archives spring 2009



Elegy for Roger Prynne

I recently fell overboard
during a trip from the old world to the new world when a truly
dear friend told me of his quicksand fetish and I,
mistakenly thinking he was joking
and also drunk from many brandies and also feeling the effects
of the opium in which we had partaken
and standing dangerously near
the starboard edge of the ship, too,
tossed my head back in hearty laughter
and accidentally fell backward,
head first, into the raging sea, where, due to turbulent waters
and heavy winds
and my friend being upset that I’d misinterpreted
his truly personal secret,
at which I’m sorrowfully regretful for having laughed,
the ship continued forward
without me
and I swam for weeks with the dazzling creatures of the sea
like the whale and the giant squid and the seahorse
and the jellyfish,
riding upon them sometimes,
as well as clinging to large pieces of ambergris
to conserve energy,
and living off plankton,
until finally one afternoon I washed up in Boston harbor,
near the aquarium,
which I didn’t visit because
I’d spent so much time in the sea with all its dazzling creatures,
so I visited the place where that sitcom bar is,
which is real touristy,
and ate fried potatoes near a breakdance troupe
and cleaned myself up a little
because I’d been near death at sea for the past several weeks,
and slept for a long time after that,
waking up refreshed later which was good
because there was so much to see and do in Boston!
I’m kidding, there wasn’t,
but I was thrown out of Grolier’s after browsing
for only a few minutes, which,
apparently the mean woman
who works at or owns this bookstore doesn’t like,
that is, browsing or browsers or lovers of poetry,
though she said she was quixotic, which makes no sense
because she was black-hearted and angry
like the angry, black nights I spent at sea,
surrounded by its dazzling creatures,
sometimes riding upon them
but sometimes terrified of them as well,
like when the moon is full and sharks are circling you,
and you’d think that turbulent waters would be terrifying,
and they are, but just as awful are those nights of the full moon,
when creatures are circling you,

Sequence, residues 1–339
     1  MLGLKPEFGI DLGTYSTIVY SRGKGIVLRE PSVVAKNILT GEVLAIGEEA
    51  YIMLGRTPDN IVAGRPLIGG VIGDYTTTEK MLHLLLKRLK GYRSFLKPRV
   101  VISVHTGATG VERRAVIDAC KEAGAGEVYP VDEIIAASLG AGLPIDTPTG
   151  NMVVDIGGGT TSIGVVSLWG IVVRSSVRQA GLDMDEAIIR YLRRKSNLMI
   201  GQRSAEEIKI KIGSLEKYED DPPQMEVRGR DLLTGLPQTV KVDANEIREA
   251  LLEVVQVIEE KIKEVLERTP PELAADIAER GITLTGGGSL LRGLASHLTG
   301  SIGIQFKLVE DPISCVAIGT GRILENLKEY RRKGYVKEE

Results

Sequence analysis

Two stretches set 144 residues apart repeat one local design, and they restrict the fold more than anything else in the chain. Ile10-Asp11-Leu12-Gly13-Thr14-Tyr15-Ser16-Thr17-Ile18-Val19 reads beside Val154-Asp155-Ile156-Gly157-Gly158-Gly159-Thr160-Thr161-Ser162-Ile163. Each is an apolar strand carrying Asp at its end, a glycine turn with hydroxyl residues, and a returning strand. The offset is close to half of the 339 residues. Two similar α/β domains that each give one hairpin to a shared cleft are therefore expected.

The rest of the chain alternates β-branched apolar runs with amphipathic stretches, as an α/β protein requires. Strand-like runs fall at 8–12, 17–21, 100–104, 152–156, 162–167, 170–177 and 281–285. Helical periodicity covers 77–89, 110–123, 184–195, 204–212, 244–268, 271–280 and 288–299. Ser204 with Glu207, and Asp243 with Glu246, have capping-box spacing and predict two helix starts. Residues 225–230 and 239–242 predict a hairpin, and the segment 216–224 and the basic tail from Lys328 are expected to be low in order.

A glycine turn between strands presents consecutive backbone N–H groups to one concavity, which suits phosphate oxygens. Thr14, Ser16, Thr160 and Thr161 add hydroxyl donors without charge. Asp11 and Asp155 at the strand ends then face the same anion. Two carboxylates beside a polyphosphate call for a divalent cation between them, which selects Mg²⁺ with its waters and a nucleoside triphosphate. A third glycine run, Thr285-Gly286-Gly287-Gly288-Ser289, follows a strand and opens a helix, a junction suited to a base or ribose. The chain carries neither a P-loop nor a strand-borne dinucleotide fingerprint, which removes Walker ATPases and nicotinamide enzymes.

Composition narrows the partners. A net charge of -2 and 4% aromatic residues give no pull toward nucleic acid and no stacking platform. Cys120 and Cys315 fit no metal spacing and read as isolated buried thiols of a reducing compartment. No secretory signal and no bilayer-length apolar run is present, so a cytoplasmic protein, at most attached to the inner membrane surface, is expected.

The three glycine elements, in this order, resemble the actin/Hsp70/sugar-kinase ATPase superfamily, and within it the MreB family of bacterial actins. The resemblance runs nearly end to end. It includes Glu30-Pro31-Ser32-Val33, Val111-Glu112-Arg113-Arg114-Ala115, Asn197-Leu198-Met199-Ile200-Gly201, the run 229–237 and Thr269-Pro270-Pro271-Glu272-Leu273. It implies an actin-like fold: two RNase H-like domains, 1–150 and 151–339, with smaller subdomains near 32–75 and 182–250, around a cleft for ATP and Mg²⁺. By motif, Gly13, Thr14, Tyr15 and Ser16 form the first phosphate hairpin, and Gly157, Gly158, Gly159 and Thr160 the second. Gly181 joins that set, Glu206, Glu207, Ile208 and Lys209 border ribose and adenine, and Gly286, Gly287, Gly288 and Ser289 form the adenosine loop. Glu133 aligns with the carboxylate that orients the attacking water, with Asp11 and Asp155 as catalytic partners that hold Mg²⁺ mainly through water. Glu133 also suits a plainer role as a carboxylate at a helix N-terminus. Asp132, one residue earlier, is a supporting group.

and the sea is quiet,
and those are the nights that you just close your eyes and cry,
close your eyes and pray that it will all end soon.



I remember Ralph Williams quoting Brodsky before walking away
and you turning to ask
if I know who Brodsky is
as if Brodsky could be a first or last name, a pet
or an inanimate object
and I said no in the spirit of camaraderie
but really I knew
he’s the guy who wrote
How to Pick Up Strippers, How to Dominate Women
and How to Use Black Magic to Pick Up Women
which, years later, I purchased for you at an occult bookstore.
I’ll always remember that cold afternoon
not for Brodsky
but for an exchange I watched between two others
whom I disliked
because of their spirit of elitism
which they celebrated in the spirit of camaraderie,
an exchange which reminded me of a teaching assistantship I had
where my only duty was to grade the final exam,
where the teacher didn’t give any guidance
for how students should answer other than not to grade too hard
and grade all fifty in one day
because he’s going out of town on Tuesday
which I did
but was later admonished for not grading hard enough
while he praised himself for grading the final paper
hard enough that my exam grades didn’t matter anyway
so it was okay
but I could never say anything about this to anyone
because he was the director of the undergraduate program
and I knew someday
I might need him to not be my enemy
though I know now that it wouldn’t have mattered
and enemy isn’t the right word
but I can’t think of the right word.
I can’t believe that was almost ten years ago.
I can’t believe how young I was
or how even though I know I’m different now
I feel so much camaraderie with the me of ten years ago
even though I don’t agree
with most of my life choices at the time.
How I dreamt to be either loved or killed
and how each day became an opera
in which to perform that dream.
I wish I could remember what happened next.
I wish I could remember what happened next but I can’t.
No. All I can do is imagine you
riding home on your bicycle to wherever you were living at the time
and me walking home under the gray sky
to wherever I was living at the time, where I’d wash my face,
eat a sandwich and watch television, completely unaware
of what would happen in my life next.


Jason Bredle is the author of two books of poetry and one chapbook. He lives in Chicago and works in the patient reported outcomes translation industry.